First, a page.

IT Decision-Makers Say Embrace BYOD or Be Left Behind

In a global survey of technology leaders, Dell Quest Software reports that companies that adopt a user-centric approach to BYOD tend to reap the most benefits and suffer the fewest setbacks and challenges.

Wed, January 23, 2013

CIO — Companies around the world are still wrestling with the concept of bring-your-own-device (BYOD) and how or whether to implement it in their organizations.

Still the scales are tipping in favor of BYOD: A new global survey of IT decision-makers by Dell Quest Software reports that 70 percent of companies believe BYOD will or already has improved their work processes and 59 percent believe they would find themselves at a competitive disadvantage without BYOD.

Dell commissioned technology market research firm Vanson Bourne to investigate attitudes toward BYOD, with a particular focus on the prevalence of device-centric and user-centric approaches to BYOD and how these approaches affect perception and outcome. Vanson Bourne interviewed 1,485 IT heads from enterprise-sized organizations in Australia, the Beijing region of China, France, Germany, India, Italy, Singapore, Spain, U.K. and U.S.

"We're seeing dramatic changes in the way users interact with technology on their personal devices and the critical role BYOD plays in transforming business and IT culture," says Roger Bjork, director of Enterprise Mobility Solutions at Dell Software Group.

"This global survey confirms what we have long suspected—companies that embrace a user-focused approach to BYOD may reap the biggest rewards, face the fewest obstacles and deliver real and immediate value in terms of greater efficiency, productivity and competitive advantage," says Bjork. "Those slow to support BYOD or constrained by a device-centric approach may deal with greater challenges, including the risk of being left behind from a competitive standpoint."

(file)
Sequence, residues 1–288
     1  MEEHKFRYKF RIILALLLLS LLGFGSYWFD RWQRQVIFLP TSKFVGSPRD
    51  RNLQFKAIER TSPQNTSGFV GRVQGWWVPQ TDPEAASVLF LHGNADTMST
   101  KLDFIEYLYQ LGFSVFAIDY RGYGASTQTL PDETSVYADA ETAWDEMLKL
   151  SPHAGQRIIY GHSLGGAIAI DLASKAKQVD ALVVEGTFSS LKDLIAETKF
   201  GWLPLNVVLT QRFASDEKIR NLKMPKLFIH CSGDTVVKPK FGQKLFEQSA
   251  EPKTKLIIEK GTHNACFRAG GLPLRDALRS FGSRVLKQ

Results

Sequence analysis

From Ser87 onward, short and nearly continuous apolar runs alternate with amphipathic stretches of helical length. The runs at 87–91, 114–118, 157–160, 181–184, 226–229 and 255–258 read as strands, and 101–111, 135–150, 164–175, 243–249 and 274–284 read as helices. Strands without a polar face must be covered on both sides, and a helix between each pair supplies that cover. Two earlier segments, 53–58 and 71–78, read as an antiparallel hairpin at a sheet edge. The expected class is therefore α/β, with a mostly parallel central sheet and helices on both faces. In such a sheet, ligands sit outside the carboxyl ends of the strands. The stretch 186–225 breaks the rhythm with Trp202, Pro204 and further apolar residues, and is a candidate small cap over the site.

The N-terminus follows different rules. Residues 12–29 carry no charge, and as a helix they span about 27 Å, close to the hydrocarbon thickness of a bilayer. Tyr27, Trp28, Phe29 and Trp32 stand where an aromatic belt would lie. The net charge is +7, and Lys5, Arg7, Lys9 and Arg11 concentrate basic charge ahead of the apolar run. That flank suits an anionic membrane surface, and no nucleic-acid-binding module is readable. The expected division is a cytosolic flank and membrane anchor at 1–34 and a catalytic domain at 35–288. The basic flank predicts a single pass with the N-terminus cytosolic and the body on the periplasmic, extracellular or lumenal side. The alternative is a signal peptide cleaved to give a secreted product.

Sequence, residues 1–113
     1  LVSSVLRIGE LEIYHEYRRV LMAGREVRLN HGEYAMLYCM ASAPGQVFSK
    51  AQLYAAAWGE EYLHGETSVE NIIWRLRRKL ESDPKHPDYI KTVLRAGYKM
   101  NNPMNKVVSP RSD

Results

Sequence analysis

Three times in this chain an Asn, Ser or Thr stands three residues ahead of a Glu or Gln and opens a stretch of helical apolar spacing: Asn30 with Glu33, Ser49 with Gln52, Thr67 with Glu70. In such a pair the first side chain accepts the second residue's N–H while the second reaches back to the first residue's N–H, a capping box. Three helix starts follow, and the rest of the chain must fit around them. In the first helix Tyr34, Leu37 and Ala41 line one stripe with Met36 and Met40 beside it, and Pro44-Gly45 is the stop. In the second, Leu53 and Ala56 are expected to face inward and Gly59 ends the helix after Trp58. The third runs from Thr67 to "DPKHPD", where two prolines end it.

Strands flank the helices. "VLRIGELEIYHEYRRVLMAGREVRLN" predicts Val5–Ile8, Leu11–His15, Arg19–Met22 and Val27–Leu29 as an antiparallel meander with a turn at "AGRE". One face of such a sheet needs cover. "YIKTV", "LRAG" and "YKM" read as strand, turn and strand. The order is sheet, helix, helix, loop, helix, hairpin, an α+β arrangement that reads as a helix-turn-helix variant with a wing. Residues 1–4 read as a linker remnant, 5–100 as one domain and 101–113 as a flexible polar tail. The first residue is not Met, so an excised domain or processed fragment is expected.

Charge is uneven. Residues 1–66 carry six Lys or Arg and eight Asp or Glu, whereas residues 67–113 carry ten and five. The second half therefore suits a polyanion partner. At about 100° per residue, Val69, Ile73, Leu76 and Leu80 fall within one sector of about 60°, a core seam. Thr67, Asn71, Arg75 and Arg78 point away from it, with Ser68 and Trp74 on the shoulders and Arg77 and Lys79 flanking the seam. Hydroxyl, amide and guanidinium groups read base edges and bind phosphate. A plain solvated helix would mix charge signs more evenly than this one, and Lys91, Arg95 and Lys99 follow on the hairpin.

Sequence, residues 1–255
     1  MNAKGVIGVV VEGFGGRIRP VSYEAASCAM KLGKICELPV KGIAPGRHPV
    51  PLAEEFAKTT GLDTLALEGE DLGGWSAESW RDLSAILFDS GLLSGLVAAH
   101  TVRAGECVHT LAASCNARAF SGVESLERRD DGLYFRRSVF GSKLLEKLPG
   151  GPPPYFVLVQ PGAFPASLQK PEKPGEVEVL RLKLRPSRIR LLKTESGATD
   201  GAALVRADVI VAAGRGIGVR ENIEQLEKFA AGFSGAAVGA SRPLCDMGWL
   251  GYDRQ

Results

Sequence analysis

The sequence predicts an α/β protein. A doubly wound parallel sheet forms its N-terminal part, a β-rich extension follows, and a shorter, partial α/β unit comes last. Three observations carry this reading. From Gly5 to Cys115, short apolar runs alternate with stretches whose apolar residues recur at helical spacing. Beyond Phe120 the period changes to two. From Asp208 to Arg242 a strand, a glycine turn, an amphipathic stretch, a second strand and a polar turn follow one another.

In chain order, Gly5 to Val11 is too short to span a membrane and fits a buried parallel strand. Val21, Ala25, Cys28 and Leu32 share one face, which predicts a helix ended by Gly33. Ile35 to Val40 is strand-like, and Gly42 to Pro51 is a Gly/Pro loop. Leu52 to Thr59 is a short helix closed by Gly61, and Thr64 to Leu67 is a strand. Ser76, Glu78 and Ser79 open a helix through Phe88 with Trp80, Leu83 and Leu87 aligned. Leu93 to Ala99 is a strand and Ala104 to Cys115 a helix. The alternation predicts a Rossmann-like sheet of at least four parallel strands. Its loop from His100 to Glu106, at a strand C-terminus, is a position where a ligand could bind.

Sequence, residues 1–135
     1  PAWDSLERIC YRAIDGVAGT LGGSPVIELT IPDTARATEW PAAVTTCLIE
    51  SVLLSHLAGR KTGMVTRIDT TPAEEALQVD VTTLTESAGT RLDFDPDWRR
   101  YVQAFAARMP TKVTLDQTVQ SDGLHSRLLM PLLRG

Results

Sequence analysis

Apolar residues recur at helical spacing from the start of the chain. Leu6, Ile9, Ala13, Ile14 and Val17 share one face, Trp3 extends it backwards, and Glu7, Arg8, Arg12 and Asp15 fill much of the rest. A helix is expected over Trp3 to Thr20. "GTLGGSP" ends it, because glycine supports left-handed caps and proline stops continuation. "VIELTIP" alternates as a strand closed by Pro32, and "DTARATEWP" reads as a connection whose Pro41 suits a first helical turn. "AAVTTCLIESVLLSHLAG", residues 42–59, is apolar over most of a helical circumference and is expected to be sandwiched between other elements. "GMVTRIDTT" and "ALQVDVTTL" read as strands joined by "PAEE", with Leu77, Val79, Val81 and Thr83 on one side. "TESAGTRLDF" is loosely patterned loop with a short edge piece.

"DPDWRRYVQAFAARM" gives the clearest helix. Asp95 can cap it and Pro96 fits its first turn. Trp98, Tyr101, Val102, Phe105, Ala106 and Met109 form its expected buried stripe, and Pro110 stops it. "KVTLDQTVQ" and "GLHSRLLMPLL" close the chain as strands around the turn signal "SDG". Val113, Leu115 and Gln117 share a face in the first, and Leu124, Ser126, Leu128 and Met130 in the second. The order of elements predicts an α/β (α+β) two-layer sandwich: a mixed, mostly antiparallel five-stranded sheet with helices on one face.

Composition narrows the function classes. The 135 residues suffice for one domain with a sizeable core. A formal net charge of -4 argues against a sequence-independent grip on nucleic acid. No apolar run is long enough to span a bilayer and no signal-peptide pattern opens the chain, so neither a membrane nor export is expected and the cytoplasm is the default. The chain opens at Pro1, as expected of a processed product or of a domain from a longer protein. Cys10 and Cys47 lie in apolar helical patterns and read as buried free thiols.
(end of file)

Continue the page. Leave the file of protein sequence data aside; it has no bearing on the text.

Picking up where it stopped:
Mature BYOD Programs Mean More Benefits

The survey found that organizations with mature BYOD programs are the most likely to achieve the most benefits out of BYOD. In addition, organizations with a user-centric strategy tended to report a significant, positive impact on data management, security, employee productivity and customer satisfaction. Seventy-four percent of companies with user-centric strategies say they experienced improved employee productivity and 70 percent reported faster customer response times.

As might be expected, companies with well-established BYOD policies are the least likely to experience setbacks and more than one-quarter said they had experienced no setbacks at all.

User-centric BYOD Tends to Be More Successful

Not surprisingly, the survey found that organizations are varied in terms of what BYOD means to their organization. Eleven percent of organizations said BYOD is just "employees wanting to use their tablets." It should perhaps come as no shock that these organizations were unlikely to have taken any steps into the BYOD world.

The report found that 32 percent of respondents had a much more nuanced definition: "The BYOD movement is about much more than managing devices—it's about users, how they do their jobs and the degree to which organizations empower them to achieve maximum productivity—regardless of device or location."

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